According to Western Asset’s base case scenario outlook, investors should expect a longer, U-shaped global economic recovery as near-term growth will be severely impacted.
However, this shortfall would be largely transitionary as policymakers pushed to resuscitate economic activity through significant central bank policy easing, providing extensive liquidity and enhanced fiscal stimulus.
The actual timing of any eventual recovery would be tied to the length and severity of the pandemic—which was a key uncertainty at this point—therefore portfolios should be positioned to withstand further market volatility, yet remain flexible enough to capture exceptional value opportunities as they appeared, the manager said.
In the US, given the very healthy financial shape of both businesses and households on the eve of the crisis and the breadth and timeliness of government and central bank measures to sustain private-sector finances, the economic bounce-back could be strong and relatively quick, the firm said.
Western Asset said it disagreed with claims that businesses and households were highly leveraged.
“Also, we believe that central bank efforts to intervene directly in credit markets—with capital backing from the government—will be successful in forestalling widespread bankruptcies, so that firms will be able to survive and participate in the recovery,” the manager said in the note.
“Finally, we are also inclined to think that the impact of the virus on national health and national health systems will be much less severe than some are predicting.”
As far as Europe was concerned, the growth forecasts for 2020 were slashed in response to the COVID-19 pandemic, with an expected Eurozone’s contract by around 6%-8% this year, but the contraction would become more pronounced with every week that restrictive measures continued in the effort to contain the viral outbreak.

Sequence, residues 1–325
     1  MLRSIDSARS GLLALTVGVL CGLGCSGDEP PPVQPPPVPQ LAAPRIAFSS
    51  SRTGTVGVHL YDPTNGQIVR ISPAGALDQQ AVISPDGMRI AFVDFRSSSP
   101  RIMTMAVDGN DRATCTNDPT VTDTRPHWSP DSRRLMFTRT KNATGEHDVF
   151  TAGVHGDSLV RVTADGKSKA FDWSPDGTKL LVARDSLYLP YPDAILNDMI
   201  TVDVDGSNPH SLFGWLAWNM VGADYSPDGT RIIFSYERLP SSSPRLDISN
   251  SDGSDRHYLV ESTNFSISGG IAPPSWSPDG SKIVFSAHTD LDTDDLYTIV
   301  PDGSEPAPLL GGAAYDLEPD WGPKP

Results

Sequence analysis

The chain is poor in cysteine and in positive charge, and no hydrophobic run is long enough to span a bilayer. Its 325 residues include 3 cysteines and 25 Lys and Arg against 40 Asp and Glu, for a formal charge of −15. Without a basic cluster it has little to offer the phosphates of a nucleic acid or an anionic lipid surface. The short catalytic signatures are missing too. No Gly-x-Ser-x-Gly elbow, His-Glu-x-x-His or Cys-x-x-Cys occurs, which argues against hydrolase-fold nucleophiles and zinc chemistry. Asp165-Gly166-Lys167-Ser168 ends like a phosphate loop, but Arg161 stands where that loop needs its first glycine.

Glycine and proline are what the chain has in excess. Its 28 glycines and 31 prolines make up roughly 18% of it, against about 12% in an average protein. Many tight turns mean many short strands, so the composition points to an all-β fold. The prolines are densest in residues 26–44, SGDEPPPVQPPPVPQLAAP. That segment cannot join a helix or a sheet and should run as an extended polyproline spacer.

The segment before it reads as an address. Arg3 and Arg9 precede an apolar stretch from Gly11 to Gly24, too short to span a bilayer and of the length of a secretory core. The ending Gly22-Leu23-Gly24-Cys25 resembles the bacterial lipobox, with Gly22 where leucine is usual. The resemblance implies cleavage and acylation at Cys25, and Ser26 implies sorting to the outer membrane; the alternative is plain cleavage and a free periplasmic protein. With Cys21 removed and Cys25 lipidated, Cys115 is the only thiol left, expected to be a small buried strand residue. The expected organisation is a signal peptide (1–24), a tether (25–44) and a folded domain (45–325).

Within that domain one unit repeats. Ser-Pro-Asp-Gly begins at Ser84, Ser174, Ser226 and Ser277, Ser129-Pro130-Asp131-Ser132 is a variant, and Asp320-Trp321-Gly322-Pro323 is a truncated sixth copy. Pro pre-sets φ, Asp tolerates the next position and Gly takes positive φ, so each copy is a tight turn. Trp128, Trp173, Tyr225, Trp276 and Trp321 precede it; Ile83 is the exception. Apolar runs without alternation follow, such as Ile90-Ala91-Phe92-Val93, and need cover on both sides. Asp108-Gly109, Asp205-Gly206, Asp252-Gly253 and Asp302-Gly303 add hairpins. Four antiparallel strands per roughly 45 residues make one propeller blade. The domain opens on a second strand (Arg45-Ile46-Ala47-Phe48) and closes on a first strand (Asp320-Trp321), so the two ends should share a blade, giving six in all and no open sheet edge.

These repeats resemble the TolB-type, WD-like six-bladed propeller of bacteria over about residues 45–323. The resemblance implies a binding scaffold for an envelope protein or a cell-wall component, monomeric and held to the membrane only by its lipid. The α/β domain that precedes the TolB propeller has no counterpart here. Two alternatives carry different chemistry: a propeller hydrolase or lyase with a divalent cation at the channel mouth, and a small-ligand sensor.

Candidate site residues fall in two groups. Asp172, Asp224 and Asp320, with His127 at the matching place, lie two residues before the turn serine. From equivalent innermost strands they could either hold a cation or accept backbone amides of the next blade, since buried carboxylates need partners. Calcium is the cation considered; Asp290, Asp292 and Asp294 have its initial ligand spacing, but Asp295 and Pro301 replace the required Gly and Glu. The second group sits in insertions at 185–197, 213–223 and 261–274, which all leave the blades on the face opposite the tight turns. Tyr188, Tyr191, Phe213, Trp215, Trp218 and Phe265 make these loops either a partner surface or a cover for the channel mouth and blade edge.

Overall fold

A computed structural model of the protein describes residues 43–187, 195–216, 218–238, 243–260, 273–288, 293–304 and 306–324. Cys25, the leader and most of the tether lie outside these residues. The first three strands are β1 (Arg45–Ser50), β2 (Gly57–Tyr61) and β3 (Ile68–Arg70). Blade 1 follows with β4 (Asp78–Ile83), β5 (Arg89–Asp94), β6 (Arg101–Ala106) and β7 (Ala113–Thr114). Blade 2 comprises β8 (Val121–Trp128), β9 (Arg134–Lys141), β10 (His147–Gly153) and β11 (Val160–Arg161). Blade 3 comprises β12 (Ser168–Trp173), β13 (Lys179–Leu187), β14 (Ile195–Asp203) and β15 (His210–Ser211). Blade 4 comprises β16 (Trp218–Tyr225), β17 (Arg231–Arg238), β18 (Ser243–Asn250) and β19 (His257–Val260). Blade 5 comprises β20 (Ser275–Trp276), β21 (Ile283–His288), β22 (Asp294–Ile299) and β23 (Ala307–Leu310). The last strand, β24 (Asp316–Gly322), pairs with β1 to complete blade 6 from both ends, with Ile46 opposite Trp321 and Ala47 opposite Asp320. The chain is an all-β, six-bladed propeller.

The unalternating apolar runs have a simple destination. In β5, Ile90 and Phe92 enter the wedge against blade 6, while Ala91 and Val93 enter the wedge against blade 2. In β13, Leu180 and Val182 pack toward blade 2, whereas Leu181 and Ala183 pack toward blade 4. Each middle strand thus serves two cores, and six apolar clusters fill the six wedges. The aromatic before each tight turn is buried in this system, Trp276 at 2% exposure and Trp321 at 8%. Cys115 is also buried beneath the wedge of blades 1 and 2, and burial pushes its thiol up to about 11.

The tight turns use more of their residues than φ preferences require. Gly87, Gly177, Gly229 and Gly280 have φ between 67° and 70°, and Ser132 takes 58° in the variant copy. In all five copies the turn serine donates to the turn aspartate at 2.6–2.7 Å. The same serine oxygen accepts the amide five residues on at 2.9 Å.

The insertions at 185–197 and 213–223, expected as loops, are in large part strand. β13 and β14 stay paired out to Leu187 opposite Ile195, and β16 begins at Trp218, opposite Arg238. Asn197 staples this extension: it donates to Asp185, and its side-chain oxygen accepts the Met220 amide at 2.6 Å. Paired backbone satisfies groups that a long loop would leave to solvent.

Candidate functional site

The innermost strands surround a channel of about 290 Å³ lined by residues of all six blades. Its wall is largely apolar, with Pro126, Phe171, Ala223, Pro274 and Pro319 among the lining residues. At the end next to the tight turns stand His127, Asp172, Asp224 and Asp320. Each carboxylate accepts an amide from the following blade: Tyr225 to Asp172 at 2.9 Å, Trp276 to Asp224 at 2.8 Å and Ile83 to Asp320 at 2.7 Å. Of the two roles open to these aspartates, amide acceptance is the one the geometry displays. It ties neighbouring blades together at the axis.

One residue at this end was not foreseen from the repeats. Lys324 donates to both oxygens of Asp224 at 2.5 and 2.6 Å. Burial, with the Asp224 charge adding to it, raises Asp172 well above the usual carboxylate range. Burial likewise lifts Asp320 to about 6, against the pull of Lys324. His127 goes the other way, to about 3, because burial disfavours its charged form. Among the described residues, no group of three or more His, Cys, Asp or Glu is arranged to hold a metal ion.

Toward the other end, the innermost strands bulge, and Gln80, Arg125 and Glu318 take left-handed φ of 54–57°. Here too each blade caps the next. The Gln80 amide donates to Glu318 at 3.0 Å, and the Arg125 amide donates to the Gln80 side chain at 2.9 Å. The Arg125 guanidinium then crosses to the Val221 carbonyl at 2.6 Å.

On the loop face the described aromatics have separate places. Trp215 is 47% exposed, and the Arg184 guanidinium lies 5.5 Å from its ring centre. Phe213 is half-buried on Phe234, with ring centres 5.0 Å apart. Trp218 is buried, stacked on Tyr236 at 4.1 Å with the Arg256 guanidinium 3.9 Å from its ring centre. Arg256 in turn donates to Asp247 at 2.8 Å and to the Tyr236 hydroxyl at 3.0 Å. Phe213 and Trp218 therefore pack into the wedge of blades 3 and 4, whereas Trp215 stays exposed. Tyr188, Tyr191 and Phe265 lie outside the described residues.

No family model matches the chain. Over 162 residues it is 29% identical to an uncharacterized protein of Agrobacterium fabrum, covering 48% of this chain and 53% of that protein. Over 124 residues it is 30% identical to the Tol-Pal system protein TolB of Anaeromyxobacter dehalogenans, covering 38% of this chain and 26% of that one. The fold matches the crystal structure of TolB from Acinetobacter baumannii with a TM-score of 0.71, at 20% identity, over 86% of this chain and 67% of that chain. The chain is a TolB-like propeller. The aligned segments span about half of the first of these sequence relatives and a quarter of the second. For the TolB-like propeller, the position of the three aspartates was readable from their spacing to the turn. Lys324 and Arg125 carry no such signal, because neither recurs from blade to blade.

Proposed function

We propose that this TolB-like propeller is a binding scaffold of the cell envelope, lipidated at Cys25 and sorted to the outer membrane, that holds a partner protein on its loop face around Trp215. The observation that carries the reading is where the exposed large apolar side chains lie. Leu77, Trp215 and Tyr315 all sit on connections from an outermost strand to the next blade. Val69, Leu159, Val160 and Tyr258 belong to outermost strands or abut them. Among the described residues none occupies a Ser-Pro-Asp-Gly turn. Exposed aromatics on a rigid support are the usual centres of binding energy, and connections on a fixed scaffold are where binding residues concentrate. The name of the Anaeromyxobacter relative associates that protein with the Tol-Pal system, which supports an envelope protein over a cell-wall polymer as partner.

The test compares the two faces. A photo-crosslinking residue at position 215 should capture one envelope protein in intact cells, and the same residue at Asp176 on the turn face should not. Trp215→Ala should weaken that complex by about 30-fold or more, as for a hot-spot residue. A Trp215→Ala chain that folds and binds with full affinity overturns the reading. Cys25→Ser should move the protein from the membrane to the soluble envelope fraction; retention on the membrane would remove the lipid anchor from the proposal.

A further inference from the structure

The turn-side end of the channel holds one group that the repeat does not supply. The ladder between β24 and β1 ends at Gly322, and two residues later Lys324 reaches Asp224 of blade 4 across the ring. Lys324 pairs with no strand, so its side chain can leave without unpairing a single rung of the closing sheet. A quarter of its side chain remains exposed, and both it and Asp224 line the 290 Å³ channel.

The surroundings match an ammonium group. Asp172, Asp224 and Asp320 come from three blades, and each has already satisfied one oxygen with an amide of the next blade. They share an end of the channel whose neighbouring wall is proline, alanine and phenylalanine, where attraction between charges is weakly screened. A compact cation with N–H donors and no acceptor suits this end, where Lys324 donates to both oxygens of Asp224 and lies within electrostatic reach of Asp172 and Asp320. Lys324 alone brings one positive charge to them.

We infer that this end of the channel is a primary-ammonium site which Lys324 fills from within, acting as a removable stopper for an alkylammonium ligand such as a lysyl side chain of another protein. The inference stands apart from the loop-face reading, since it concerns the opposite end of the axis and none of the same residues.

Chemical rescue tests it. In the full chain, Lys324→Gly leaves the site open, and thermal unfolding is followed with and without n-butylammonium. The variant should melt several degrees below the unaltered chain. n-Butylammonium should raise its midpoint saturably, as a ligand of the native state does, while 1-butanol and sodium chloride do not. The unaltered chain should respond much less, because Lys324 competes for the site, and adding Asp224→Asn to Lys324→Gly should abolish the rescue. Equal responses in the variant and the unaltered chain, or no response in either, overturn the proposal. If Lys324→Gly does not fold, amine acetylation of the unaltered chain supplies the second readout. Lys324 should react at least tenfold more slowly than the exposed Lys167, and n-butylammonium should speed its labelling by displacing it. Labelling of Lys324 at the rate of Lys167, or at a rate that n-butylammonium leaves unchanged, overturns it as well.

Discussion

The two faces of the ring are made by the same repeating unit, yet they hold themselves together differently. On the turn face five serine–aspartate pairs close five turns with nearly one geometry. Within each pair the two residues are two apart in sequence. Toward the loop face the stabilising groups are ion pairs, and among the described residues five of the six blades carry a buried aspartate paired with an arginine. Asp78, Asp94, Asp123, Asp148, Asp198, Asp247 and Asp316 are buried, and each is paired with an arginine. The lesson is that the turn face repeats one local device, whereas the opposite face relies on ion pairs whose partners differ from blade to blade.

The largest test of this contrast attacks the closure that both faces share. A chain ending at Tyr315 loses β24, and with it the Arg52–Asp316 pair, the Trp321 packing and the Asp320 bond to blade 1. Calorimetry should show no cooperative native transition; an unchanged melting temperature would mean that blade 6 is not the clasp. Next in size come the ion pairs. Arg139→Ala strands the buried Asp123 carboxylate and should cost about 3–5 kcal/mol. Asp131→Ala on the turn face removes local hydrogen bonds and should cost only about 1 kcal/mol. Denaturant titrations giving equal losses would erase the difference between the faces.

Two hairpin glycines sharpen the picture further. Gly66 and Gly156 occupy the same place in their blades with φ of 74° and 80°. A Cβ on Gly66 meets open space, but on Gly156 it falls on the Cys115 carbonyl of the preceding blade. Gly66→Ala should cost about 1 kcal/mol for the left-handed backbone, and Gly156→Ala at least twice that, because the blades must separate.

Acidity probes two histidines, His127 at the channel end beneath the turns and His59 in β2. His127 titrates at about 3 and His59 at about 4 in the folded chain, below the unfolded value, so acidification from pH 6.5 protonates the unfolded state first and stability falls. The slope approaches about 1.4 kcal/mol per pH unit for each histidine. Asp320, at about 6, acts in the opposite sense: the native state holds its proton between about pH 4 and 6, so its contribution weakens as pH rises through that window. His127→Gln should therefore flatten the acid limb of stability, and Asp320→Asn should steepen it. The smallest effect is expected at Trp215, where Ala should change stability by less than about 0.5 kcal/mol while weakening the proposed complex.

At the same time, for many countries in Europe, this would be the worst recession since WW2.
“2021 is likely to see a moderate recovery, but the size and distribution across countries will depend crucially on the longer-term policy support measures implemented at this time at the national and supranational levels, including the Recovery Fund still under discussion by the Eurogroup,” Western Asset said.
In Asia, China was on a quick recovery track and near-term numbers would demonstrate the effect of extreme containment and centralized control, as would the first wave of recoveries in North Asian economies such as South Korea, Taiwan, and Hong Kong.
However, for emerging market (EM) economies in Asia (the second wave of countries infected), the near-term outlook is weak, especially for Malaysia, Thailand, the Philippines and Indonesia, as the risks of an extended lockdown were material to both households due to the effect of income as well as corporates that were dependent on discretionary consumption among other factors.
“The heterogeneity of Asian economies will continue to reflect the divergence in growth between economies more closely linked to China’s consumption and the Asian tech supply chain as well as those that are more endogenously driven,” the firm said.
“What is consistent is that Asian economies have the policy space, the political stability and the populace support to deal with the vicissitudes of an uncertain economic environment. With this in mind, our base case for the region remains cautiously optimistic. We expect continued monetary and fiscal accommodation where needed in the year ahead.”